P - “ I am more than willing to accept your reproaches. It was entirely my fault that your commissions were neglected; but Gertrude bears no blame for this ........ if you could have seen her pleasure you would not for an instant begrudge her my time, without me she could do none of these things. “
A - “ No .............. you have succeeded so well in bringing Gertrude to the light, no-one would credit the changes you have wrought. But should you not consider the rest of your family; are they not also in need of your time and affection? “
P - “ They were not lost in darkness. It was my chance to prove that love, God's love, could touch another human spirit through me; to bring the lost sheep back to the fold. Do you not remember how we talked of my vocation, my passion, when we were young. You were part of it then. “
A - '....... Yes, we were young:'
How I loved your desire
to fight for your vision,
the strength of your spirit,
the light in your eyes.
Then I was wrapped in your certainty
filled with the thought of the future.
Now I am locked into simply
progressing from children to sweeping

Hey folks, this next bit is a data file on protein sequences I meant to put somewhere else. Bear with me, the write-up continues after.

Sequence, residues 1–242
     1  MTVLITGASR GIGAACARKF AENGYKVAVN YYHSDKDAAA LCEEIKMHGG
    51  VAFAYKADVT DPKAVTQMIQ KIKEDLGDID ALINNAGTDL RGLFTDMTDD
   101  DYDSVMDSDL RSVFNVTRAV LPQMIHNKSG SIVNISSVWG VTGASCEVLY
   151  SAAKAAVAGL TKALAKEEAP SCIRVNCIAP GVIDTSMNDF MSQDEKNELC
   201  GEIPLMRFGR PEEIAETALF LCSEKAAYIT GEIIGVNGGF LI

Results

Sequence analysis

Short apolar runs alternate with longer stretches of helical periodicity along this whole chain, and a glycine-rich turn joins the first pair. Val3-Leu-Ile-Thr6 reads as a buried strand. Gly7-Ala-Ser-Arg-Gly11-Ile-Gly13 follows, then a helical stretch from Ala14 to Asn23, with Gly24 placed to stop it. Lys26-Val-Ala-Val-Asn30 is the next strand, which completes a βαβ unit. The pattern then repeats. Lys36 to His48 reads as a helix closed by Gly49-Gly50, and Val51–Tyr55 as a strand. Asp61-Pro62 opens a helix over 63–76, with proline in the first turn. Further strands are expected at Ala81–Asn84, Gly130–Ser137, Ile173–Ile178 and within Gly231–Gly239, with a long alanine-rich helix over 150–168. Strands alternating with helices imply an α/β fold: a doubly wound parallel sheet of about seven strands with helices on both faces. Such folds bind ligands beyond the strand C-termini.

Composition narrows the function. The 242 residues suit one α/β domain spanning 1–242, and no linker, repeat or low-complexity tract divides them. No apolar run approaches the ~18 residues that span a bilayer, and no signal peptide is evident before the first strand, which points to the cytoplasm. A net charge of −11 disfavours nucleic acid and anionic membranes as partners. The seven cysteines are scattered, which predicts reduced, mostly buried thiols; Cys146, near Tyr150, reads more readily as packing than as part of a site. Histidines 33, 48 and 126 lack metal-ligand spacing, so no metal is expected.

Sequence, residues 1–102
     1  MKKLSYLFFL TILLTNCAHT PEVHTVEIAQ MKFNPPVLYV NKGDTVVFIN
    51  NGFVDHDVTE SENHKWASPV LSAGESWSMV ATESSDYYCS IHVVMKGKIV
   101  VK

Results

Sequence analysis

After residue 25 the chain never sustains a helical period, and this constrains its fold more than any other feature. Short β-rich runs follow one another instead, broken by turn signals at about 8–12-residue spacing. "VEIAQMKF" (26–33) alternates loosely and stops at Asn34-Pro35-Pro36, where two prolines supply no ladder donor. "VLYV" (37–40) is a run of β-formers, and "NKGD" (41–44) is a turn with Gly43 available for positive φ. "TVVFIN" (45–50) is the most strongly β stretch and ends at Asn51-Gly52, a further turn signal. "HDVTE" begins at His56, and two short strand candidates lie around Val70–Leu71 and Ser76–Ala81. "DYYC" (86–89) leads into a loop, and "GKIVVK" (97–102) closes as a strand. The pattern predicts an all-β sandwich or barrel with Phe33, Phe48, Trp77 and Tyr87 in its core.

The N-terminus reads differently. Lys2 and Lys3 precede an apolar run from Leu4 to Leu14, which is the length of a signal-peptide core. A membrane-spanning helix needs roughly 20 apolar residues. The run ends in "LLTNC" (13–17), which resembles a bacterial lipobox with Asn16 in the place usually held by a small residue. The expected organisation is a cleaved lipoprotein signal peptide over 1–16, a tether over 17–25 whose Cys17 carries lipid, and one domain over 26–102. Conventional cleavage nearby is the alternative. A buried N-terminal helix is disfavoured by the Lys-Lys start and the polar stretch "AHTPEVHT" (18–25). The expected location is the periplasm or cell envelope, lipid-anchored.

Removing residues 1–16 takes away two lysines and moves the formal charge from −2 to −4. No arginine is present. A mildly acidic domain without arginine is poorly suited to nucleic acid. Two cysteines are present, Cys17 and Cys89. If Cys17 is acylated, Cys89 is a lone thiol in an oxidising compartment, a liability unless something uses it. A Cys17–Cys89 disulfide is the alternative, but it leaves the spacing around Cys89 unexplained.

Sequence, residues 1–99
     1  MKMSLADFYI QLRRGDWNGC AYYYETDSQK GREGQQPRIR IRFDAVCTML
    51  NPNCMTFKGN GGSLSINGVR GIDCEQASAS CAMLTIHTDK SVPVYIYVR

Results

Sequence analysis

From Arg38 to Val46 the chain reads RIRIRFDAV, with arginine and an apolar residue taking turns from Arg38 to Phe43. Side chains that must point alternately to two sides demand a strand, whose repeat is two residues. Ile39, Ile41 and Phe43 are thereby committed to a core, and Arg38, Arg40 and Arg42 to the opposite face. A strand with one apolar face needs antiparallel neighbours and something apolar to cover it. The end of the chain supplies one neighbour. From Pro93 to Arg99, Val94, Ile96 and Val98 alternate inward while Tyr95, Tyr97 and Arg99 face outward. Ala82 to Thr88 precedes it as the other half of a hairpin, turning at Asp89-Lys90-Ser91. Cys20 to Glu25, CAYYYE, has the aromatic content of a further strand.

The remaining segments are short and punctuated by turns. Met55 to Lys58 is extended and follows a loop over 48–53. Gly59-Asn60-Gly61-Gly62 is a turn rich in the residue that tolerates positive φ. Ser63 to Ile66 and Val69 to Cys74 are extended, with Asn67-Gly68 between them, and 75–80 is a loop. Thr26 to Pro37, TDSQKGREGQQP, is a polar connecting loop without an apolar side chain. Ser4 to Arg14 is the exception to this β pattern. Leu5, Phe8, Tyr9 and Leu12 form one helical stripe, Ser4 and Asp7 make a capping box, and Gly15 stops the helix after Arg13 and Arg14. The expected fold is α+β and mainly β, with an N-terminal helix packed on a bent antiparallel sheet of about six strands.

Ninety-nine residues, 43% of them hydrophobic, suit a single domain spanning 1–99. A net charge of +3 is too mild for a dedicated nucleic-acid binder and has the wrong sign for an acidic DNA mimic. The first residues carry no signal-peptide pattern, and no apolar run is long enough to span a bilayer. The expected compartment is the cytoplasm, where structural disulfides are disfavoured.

from kitchen to stove.
P - “You could discover that freshness again if ..............”
A - getting up “What's the use my dear. We can't all be blind.” exit
Scene 8 The Chapel
A small chapel with a gallery above at the back and an harmonium near the front, the line of sight needs to be sufficiently impaired for the Pastor not to realise straight away that his son is at Gertrude’s side.
The Pastor enters quietly and goes to the little gallery at the back where he is enjoying listening to Gertrude's playing until he becomes aware that his son Jacques is sitting at her side giving her some guidance which must involve touching and placing her hands on the keyboard, though she doesn't really need his assistance. The Pastor is beside himself with fury that is jealousy, but which he tells himself is indignation at the imagined advantage that his son is taking of Gertrude. He continues his secret observations, but sees nothing untoward in their behaviour.
Slow like the outline of the landscape that I hear
the rise and fall of bells across the meadows;
deep as the blue in my lily of the field,
the heads ringing in the breeze.
What colour shall I give the wind?
which colours can I find to match
the image of its touch come from the mountains?
Can it be wrong to love you as I do?